The former first lady of California has launched an initiative to help prevent dementia, using the latest research about the disease and brain health. “Genes are not destiny,” says Maria Shriver, who has organized a nationwide series of events in June to raise awareness of brain health.
A new study says its time to be thinking about your brain health and what you can do to reduce the risk of dementia and Alzheimer’s.
Alzheimer’s affects twice as many women as men
Maria Shriver, the former first lady of California, founded the Women’s Alzheimer’s Movement when she learned that Alzheimer’s affects women more than men. While moderating a panel at a recent conference, Shriver recalled: “I was speaking to the head of neurology up at Stanford who said, ‘My waiting room is filled with 70-year-olds with the bodies of 40-year-olds and no minds.'”
(Shriver had a pre-existing interest in Alzheimer’s; her father, the diplomat and politician Sargent Shriver, suffered from progressive Alzheimer’s for the last eight years of his life.)
Alzheimer’s is in your brain 20 years before you have symptoms
Why the incidence rate of Alzheimer’s is doubled in women is still a mystery. It’s probably related in some significant way to the changes that accompany menopause, in particular the inevitable drop in estrogen levels. One of the panel members, neuroscientist Lisa Moscone, said: “As estrogen declines, it leaves the brain a little bit unprotected and vulnerable to everything else – sleep deprivation, lack of exercise. When women are in their 40s, their brains really start to look like they are aging faster than the brains of men who are exactly the same age.”
Shriver added: “This is a disease that is in your brain 20 years before you are symptomatic. So you’re never too young to start thinking about your brain health and what your brain needs to survive and thrive.”
Exercise, diet and good sleep are the best ways to stave off dementia
Experts have reached a rough consensus about what steps are most effective in delaying Alzheimer’s or preventing it altogether. The mind/body connection seems to take the highest priority.
“If I could tell people any one thing to prevent or push off dementia,” Shriver said, “it would be exercise.” Exercise accelerates the flow of blood to the brain. This brings extra oxygen to maintain the brain’s physical health. Exercise also helps prevent the brain lethargy that afflicts so many post-menopausal women.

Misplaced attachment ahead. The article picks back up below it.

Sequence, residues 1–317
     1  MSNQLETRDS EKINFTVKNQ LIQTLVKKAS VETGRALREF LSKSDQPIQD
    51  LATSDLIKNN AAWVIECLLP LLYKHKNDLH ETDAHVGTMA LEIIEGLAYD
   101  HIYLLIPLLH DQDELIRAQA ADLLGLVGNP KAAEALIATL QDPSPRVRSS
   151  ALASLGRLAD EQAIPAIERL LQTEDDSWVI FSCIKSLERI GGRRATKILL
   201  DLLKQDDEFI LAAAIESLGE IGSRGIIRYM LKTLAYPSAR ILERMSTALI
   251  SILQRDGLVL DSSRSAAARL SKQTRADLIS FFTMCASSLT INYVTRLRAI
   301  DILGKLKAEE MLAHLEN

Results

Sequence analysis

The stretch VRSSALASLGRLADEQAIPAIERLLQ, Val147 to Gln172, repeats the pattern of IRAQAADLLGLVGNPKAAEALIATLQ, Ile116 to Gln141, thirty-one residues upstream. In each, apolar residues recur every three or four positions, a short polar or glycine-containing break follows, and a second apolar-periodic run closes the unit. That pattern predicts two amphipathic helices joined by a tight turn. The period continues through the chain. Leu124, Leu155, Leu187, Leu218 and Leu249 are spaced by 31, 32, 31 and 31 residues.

Ruth Benko is a University of California Irvine expert on sleep and its relation to brain health. She advises that at least 15% of dementia is directly related to sleep problems.
Diet is also important in Alzheimer’s prevention. The elevated blood sugar which marks a pre-diabetic condition can significantly increase your chance of incurring Alzheimer’s. “Some foods will help us age gracefully and keep our mental faculties intact, whereas others substantially increase the risk of dementia”, said Moscone, the author of “Brain Food: The Surprising Science of Eating for Cognitive Power”.
While proper diet and appropriate sleep patterns are basic to prevention of Alzheimer’s, a healthy exercise protocol still seems to be the most potent weapon in our arsenal against Alzheimer’s. A new study from Sweden shows that women who were highly fit in their middle years were nearly 90% less likely to get Alzheimer’s in the later stages of their lives.
191 women who took a strenuous fitness test in middle age were followed for the next 44 years. About 5% of the group with the highest level of exercise achievement developed dementia. 25% of those who showed a medium level of fitness in the initial test incurred dementia, while 45% of those who couldn’t even finish that initial fitness test ultimately suffered from dementia.
The few highly fit women who developed dementia didn’t become symptomatic until an average age of 90, 11 years later than the moderately fit women
“I’m very surprised that the finding was so strong,” said Ingmar Skoog, a psychiatry professor at the University of Gothenburg in Sweden who led the research team. “It really shows the importance of exercise. You can do something yourself to decrease your odds.”
“If you don’t want to have dementia when you’re 80, the time to start getting fit is now,” says Keith Fargo, Director of Scientific Programs at the Alzheimer’s Association. “It may not necessarily give you longer life, but there is a compelling body of work showing that it will give you more good years.”
So exercise plays an important part in brain health as we age. Along with better sleep and curbing sugar, let’s all get on this band wagon and live to a healthy old age! Let me know what you think in the comments section. Thaïs
Read the full article at: www.latimes.com